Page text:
New user here. I have been working on a graph about Logseq itself. Of course Logseq can be used (and abused) in many ways, which are not always compatible with each other, so my work is primarily about my own use. Therefore, this is a disclaimer that the content of my work is subjective, not necessarily agreeing with some official description of Logseq.
The default Graph view is pretty much unusable, even for a graph of limited connections:
Arranging the nodes is difficult but possible, while precision is impossible and the space is used inefficiently:
In the end I have created a whiteboard to position the nodes as intended:
This is not perfect, but does the job well. Given some conventions, it could even be automated. The arrows are a nice improvement, they clarify that this diagram has two logical dimensions. Their abstract meaning is that each node:
- is about and can be understood in terms of the nodes on its right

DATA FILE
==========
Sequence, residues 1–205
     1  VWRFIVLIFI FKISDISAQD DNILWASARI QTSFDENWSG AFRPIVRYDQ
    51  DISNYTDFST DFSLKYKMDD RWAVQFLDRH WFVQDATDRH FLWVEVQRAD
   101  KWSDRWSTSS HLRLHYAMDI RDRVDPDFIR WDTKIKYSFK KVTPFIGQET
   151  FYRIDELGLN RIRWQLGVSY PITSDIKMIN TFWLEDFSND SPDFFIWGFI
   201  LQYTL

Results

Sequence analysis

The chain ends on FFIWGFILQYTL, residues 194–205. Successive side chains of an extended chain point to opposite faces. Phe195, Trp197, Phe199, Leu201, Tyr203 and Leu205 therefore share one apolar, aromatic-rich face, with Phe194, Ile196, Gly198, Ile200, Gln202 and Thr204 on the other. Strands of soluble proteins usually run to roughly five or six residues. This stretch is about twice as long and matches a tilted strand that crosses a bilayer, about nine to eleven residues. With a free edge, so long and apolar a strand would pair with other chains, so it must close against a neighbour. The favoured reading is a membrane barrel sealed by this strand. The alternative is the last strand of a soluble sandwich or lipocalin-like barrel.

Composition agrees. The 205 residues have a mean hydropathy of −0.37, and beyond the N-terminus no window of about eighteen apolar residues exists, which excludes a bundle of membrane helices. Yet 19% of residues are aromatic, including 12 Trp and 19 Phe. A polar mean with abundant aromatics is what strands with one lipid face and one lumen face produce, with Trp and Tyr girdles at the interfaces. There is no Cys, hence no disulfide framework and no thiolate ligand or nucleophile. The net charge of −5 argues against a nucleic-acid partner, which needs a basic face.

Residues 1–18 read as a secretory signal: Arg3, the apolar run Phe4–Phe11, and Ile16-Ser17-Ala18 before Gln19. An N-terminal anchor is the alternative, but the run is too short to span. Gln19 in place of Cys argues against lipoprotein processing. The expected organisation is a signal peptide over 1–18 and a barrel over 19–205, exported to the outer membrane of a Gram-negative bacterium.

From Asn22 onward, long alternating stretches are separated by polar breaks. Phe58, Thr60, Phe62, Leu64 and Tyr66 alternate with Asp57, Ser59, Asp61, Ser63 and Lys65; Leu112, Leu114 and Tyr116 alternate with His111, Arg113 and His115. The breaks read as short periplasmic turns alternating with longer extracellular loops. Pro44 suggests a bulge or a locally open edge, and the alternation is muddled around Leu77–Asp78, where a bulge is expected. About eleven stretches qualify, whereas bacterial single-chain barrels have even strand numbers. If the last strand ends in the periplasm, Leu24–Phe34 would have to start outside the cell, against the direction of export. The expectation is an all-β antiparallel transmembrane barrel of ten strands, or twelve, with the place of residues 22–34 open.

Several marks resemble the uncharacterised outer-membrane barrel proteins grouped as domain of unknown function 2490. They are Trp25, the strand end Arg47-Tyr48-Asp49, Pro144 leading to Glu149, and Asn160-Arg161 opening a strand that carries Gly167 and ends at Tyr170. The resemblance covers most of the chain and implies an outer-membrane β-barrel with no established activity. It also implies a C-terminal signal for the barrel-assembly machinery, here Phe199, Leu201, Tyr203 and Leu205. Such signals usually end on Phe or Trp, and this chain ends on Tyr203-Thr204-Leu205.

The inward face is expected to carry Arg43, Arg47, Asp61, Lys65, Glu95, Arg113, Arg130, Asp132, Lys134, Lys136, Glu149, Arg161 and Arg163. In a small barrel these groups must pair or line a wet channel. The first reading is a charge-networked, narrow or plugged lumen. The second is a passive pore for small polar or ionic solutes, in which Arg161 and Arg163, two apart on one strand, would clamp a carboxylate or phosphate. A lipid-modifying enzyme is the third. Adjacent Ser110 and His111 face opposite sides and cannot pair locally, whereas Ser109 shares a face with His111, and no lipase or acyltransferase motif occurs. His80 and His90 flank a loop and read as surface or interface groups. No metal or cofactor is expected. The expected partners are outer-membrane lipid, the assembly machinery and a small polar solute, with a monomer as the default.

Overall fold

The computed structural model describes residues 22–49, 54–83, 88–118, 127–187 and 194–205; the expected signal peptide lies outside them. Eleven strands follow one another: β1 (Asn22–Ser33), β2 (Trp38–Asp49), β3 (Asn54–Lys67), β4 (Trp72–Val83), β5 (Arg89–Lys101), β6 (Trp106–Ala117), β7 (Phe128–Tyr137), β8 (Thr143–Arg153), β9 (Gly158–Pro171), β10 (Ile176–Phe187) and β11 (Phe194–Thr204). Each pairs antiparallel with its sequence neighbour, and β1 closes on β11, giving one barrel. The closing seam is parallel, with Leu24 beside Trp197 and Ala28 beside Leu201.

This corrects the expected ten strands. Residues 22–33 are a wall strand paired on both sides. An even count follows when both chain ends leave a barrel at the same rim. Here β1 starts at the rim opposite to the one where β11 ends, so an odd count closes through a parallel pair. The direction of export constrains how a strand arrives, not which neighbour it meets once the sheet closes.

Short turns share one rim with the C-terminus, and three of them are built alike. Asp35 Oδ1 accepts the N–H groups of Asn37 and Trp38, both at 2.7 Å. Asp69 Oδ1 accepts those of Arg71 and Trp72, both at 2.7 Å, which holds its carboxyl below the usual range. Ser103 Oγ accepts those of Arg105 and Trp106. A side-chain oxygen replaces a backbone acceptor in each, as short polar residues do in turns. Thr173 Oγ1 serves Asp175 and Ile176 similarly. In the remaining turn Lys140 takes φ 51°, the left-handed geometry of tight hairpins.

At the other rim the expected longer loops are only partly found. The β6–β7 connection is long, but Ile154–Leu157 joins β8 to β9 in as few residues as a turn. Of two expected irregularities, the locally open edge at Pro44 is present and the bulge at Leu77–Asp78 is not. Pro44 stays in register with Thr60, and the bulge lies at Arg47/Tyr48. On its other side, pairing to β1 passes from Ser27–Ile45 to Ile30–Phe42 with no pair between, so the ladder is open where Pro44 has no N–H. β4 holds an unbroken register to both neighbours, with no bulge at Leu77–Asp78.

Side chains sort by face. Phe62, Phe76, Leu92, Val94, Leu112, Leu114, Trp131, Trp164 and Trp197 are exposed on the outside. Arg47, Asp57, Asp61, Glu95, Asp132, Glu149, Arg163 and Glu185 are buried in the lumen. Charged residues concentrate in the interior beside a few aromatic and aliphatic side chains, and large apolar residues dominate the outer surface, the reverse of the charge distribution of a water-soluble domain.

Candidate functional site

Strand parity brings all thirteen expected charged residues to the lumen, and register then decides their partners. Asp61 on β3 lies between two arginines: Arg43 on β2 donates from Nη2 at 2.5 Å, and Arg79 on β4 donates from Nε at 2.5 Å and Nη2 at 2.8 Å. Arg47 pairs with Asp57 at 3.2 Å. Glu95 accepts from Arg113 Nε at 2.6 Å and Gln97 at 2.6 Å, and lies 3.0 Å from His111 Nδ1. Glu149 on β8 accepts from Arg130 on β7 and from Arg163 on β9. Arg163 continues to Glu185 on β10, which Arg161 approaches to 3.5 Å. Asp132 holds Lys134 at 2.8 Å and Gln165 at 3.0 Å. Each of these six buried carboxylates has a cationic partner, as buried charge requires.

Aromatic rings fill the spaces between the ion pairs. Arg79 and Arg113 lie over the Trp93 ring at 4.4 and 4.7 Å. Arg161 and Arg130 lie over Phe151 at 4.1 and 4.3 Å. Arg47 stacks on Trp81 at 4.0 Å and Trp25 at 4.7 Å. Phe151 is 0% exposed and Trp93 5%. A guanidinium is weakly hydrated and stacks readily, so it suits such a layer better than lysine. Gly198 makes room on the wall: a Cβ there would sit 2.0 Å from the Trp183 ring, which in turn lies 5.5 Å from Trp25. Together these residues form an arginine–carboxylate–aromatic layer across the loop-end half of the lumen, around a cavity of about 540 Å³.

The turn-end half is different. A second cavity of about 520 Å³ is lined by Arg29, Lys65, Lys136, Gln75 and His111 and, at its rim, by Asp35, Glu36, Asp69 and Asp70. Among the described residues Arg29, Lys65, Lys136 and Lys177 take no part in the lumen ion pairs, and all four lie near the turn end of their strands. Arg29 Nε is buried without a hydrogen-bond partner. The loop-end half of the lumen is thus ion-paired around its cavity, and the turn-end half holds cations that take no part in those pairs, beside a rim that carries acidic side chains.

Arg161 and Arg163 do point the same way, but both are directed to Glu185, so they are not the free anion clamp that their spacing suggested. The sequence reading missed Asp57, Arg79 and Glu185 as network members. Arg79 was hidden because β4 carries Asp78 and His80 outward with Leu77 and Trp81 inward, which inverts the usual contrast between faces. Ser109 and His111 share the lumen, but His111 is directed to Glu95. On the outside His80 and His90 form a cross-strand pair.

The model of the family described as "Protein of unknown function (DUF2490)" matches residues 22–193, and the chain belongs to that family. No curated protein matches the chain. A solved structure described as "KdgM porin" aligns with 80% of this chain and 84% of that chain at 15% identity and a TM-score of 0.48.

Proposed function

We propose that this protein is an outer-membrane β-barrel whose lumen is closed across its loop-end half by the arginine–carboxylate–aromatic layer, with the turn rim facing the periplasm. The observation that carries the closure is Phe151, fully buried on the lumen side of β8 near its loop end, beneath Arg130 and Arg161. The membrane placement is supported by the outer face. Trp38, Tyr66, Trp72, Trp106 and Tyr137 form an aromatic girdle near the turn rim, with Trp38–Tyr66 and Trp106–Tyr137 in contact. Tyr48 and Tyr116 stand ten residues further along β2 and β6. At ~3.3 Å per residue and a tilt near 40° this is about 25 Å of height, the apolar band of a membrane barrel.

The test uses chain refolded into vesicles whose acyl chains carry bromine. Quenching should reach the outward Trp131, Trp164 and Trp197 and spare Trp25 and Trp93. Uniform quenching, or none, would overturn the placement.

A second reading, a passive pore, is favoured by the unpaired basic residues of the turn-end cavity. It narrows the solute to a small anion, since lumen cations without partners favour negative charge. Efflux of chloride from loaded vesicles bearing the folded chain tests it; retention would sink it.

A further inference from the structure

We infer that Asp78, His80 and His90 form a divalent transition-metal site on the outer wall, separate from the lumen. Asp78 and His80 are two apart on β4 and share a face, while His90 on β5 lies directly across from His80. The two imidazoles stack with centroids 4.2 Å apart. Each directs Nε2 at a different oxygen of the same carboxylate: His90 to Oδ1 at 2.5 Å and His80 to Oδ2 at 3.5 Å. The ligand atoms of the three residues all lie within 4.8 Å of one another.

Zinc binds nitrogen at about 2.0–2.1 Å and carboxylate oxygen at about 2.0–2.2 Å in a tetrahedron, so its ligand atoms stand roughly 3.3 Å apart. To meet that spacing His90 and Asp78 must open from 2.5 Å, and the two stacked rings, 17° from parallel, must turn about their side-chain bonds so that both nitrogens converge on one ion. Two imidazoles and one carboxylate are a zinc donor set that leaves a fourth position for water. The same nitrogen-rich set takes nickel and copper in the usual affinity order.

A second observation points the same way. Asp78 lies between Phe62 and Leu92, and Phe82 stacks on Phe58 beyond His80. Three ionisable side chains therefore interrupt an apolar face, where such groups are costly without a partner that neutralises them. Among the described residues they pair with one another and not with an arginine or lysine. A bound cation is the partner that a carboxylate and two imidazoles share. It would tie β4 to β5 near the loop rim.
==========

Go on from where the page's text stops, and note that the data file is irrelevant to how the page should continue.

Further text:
- contains and can be analyzed down to the nodes below it
Therefore, this diagram defines and analyzes the top-left node, which is Logseq. With that meaning in mind, I think that the result has the explanatory value of several pages of descriptive text. At the very least it can tie all that text together, especially for new users, who are typically overwhelmed and without orientation.
Nevertheless, with something as rich as Logseq, a single diagram cannot hold every concept, so here are some more concepts, as seen from the perspective of the knowledge column:
- phrase level: references, tags, other links
- note level: TODOs, queries, other code
- concept level: outlines, journals, files, other modules
- graph level: whiteboards, folders, other packages
- Technically, every item at this level is also a file, but conceptually it contains other files.
- between graph level and knowledge level: namespaces and other domains
Thoughts are welcome.